I have to admit that when Google first unveiled its Glass wearable computer, I couldn't get past how dorky it looked. I couldn't see — no pun intended — how anyone would want to walk around and interact with others while they had a strange contraption attached to their heads.
But then, after a few days and a couple of beers, it dawned on me that Google Glass is just the latest in a long line of "things" that we've attached to out heads. Glasses, sunglasses, goggles, headphones, Bluetooth headsets, and more besides.
Attaching strange things to our heads is not a new concept.
That said, I still think Google Glass looks odd. Maybe it's because it has a sterile look, or maybe because it tries too hard to be invisible. While you might not draw attention to yourself wearing Glass in Silicon Valley, there aren't many other places on Earth where I feel that wearing a pair isn't going to cause people's heads to spin around so fast that they'd be at risk of snapping their own necks.
Nickolay Lamm and Mark Pearson, both of MyVoucherCodes.co.uk, have risen to the challenge of making Google Glass looks look a little more acceptable. To do this, Lamm and Pearson took two different approaches.
The first approach that the duo took to making Google Glass look less dorky was to make it smaller and less obtrusive.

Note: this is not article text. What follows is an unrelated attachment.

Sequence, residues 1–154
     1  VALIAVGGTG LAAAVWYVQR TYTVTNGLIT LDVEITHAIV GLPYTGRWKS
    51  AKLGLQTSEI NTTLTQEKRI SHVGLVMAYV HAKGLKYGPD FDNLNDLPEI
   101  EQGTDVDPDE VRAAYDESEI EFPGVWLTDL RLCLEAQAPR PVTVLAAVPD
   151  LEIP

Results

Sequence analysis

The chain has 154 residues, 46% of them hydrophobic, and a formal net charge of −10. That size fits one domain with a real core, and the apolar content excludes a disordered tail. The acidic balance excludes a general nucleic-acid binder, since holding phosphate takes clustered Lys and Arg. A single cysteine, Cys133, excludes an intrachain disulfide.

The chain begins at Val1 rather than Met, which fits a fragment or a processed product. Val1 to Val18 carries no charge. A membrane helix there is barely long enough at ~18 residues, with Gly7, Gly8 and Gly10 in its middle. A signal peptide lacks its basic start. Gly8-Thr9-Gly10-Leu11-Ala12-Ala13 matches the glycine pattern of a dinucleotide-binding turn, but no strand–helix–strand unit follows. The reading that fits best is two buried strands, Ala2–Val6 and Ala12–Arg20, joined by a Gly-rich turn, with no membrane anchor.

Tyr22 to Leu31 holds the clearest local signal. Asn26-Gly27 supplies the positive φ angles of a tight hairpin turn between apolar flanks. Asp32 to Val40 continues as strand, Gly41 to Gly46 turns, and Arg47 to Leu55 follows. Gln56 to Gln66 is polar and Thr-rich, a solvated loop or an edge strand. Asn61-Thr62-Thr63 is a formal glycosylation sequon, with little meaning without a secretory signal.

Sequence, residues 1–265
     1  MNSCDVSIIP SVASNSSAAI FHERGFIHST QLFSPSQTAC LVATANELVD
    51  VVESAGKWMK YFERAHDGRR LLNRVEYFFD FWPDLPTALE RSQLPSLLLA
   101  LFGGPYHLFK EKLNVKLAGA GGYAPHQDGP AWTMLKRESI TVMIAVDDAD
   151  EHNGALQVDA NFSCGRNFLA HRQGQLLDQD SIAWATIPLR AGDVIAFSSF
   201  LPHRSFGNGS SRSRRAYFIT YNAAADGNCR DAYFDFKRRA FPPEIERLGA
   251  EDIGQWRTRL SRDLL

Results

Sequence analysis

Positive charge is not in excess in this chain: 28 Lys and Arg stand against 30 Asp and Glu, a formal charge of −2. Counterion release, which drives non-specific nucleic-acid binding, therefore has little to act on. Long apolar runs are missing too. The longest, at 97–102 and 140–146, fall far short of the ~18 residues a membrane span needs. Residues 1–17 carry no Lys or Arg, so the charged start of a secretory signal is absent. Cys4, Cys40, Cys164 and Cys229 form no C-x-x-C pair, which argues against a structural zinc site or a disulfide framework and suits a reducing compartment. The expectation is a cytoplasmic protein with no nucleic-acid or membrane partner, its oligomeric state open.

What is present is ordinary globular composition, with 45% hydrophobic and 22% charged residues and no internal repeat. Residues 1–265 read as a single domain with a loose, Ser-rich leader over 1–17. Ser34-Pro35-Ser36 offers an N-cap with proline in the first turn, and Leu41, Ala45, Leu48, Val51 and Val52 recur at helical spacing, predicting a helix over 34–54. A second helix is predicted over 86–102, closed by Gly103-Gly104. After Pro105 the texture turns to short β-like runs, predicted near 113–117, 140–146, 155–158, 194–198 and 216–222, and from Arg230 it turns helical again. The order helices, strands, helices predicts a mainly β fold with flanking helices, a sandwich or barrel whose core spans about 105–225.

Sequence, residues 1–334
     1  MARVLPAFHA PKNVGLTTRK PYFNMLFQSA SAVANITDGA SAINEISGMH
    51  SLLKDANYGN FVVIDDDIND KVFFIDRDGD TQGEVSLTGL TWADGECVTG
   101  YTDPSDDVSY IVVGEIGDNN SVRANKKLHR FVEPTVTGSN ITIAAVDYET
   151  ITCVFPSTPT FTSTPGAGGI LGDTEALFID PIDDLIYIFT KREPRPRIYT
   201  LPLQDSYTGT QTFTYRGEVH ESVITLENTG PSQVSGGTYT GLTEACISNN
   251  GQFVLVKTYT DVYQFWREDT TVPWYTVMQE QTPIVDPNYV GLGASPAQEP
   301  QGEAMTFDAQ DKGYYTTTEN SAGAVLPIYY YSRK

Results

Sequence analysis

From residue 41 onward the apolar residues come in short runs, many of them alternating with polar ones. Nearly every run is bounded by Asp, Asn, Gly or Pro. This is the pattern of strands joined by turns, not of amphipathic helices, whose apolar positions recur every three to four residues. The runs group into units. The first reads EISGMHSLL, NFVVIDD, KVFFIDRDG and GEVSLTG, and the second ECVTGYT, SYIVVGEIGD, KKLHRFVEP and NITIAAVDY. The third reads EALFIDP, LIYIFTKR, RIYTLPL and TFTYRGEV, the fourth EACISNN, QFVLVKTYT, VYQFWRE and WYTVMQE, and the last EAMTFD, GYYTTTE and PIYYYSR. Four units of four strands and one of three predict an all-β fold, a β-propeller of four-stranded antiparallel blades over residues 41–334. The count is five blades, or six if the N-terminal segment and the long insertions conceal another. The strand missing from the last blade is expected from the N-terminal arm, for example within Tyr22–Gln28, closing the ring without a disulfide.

In order to achieve this, Lamm and Pearson took the frame of the existing Google Glass concept and moved it to the back of the head. By doing this, the frame, along with the bulky hardware, is not visible on the face. This basically leaves a tiny lens sitting in front of the wearer's eye.
As far as the frame goes, Lamm and Pearson came up with two different designs. The first is based on the traditional "over the ear" Bluetooth headset, where Glass would fit onto one side of the head.
Here's how this design would look on the head. It's far less obtrusive than the current Google Glass concept, and adding color — possibly in the form of anodization to the frame — could create a fashion statement.
Another approach taken by the duo was to turn the Google glass frame into a wraparound design that fits behind the head, reminiscent of some sports earphones. Here the frame would give Google Glass a considerable level of stability, and allow for them to be used for extreme activities.
In its "Wearable heads-up display" patent, Google pointed out how the computing part of the device could be implemented into a "a personal headset device."
Plenty of people already wear glasses, so why not make Google Glass look like a pair of glasses?
Harvey Ho, who is listed alongside Sergey Brin as the inventor for the "Seeing with your hand" patent, filed a patent in 2009 for "an active contact lens system", which imagines a time when the entire assembly could be fitted into an eye-wearable device. However, until that's possible, making Google Glass look like glasses is probably the best way to make them more acceptable.
What could Google to address privacy concerns that Glass could be used to surreptitiously record people? Lamm and Pearson have addressed this concern by doing something we're already pretty familiar with when it comes to cameras: Adding a light. This way, people would know if they were being recorded, and act accordingly.
Simple, but it works.